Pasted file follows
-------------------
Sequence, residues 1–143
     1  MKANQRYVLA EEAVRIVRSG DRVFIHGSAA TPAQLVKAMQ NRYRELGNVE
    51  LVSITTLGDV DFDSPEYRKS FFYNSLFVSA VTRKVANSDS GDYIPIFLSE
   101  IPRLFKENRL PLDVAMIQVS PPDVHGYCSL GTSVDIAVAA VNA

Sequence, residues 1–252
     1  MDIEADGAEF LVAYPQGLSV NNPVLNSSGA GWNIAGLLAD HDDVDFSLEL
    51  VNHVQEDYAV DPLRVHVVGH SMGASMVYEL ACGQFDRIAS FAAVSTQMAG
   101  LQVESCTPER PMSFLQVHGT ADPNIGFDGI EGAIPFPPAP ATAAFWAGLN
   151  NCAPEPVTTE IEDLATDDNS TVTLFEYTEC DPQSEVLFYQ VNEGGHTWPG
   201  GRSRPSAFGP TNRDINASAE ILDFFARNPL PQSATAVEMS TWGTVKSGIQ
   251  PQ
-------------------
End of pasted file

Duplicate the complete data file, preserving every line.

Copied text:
Sequence, residues 1–143
     1  MKANQRYVLA EEAVRIVRSG DRVFIHGSAA TPAQLVKAMQ NRYRELGNVE
    51  LVSITTLGDV DFDSPEYRKS FFYNSLFVSA VTRKVANSDS GDYIPIFLSE
   101  IPRLFKENRL PLDVAMIQVS PPDVHGYCSL GTSVDIAVAA VNA

Sequence, residues 1–252
     1  MDIEADGAEF LVAYPQGLSV NNPVLNSSGA GWNIAGLLAD HDDVDFSLEL
    51  VNHVQEDYAV DPLRVHVVGH SMGASMVYEL ACGQFDRIAS FAAVSTQMAG
   101  LQVESCTPER PMSFLQVHGT ADPNIGFDGI EGAIPFPPAP ATAAFWAGLN
   151  NCAPEPVTTE IEDLATDDNS TVTLFEYTEC DPQSEVLFYQ VNEGGHTWPG
   201  GRSRPSAFGP TNRDINASAE ILDFFARNPL PQSATAVEMS TWGTVKSGIQ
   251  PQ